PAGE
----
Date: Oct 4, 2017 2:16 PM
Author: bursejan@gmail.com
Subject: Re: I rarely make silly mistakes, but Euler made a huge blunder in S<br> = Lim S

I guess you don't understand what it means to

construct something, either in the Dedekind

sense or in the Cauchy sense.

What might help your little bird brain is

maybe the notion of bootstrapping something.

https://en.wikipedia.org/wiki/Bootstrapping#Computing

All real construction are Münchhausen feats:

https://en.wikipedia.org/wiki/Bootstrapping#/media/File:Zentralbibliothek_Solothurn_-_M%C3%BCnchhausen_zieht_sich_am_Zopf_aus_dem_Sumpf_-_a0400.tif

Am Mittwoch, 4. Oktober 2017 19:29:16 UTC+2 schrieb John Gabriel:

> On Wednesday, 4 October 2017 11:37:26 UTC-4, Me wrote:

> > On Wednesday, October 4, 2017 at 12:43:52 PM UTC+2, genm...@gmail.com wrote:

> >

> > > Even "Me" has finally understood that my definition is a D. Cut.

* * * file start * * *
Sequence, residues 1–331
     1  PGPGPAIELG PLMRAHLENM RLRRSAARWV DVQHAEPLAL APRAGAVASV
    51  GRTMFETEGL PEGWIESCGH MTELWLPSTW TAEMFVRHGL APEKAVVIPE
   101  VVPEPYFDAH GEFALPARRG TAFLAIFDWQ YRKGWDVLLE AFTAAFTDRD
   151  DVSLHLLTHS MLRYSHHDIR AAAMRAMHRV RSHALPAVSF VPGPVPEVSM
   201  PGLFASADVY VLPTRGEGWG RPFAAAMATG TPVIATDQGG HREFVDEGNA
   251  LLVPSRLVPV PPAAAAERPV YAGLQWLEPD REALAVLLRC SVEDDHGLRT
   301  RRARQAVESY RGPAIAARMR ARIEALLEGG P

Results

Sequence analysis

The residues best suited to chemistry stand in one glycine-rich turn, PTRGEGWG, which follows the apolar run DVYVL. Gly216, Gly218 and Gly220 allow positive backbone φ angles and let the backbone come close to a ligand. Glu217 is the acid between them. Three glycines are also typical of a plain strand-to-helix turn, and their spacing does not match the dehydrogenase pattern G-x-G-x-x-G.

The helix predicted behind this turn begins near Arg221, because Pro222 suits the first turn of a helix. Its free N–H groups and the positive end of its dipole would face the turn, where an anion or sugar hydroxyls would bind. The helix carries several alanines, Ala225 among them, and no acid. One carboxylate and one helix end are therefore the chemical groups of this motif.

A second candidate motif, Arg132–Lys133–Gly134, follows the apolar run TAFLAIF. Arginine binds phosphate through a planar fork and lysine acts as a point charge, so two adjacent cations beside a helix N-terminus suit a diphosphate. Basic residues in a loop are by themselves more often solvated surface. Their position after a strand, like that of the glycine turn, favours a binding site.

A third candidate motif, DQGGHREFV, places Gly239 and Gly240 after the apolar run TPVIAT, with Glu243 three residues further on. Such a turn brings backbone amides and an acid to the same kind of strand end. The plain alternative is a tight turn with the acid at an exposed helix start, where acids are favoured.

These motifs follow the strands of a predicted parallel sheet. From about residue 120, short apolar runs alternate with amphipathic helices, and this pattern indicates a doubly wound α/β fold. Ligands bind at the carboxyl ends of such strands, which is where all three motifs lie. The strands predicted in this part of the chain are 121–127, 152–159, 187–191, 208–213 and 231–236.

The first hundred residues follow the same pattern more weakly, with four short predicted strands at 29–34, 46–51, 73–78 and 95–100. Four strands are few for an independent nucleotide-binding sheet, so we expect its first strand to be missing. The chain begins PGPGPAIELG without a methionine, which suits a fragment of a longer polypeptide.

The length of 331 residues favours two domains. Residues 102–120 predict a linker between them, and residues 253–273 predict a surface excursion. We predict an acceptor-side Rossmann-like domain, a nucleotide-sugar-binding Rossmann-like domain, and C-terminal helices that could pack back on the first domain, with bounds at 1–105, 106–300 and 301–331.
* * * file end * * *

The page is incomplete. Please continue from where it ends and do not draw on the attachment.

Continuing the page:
> >

> > No, I haven't. Sorry about that.

> >

> > But... you write:

> >

> > > L={-1 < x < pi} and R={pi < x < 4} where x \in Q

> >

> > Again, a rather "uncommon" notation (to say the least).

> >

> > For example there seems to be a free variable, "x", in the expression "{-1 < x < pi}" (for example). Hence I don't think it qualifies for a "term" just denoting a "specific" set. Moreover you "externalize" the information that "x" ranges over all elements in Q; we usually put this into the "set terms" (such that they are "self-supporting" (selfcontained)).

> >

> > Hence I guess that you actually meant to write:

> >

> > L = {x e Q : -1 < x < pi}

> > and

> > R = {x e Q : pi < x < 4} .

> >

> > Actually this corresponds to a quite natural way of referring to these sets.

> >

> > For example, {x e Q : -1 < x < pi} is /the set of all elements in Q that are larger than -1 and smaller than pi/.

> >

> > Now concerning Dedekind cuts, you might improve your approach by just defining:

> >

> > L = {x e Q : x < pi}

> > and

> > R = {x e Q : pi < x} .

> >

> > Then (L, R) would actually qualify for a "D. cut", I guess.

> >

> > So why not choose the simpler approach?

>

> Any cut of the form

>

> (m, k) U (k, n) where m < k and k < n

>

> is EQUIVALENT to

>

> (-oo, k) U (k, oo) where k is not a rational number.

>

> The tail parts (-oo,m) and (n, oo) which are discarded, are irrelevant. In fact, the tail parts do not feature in my disproof of the D. Cut and can be added in at any time without any loss of generality.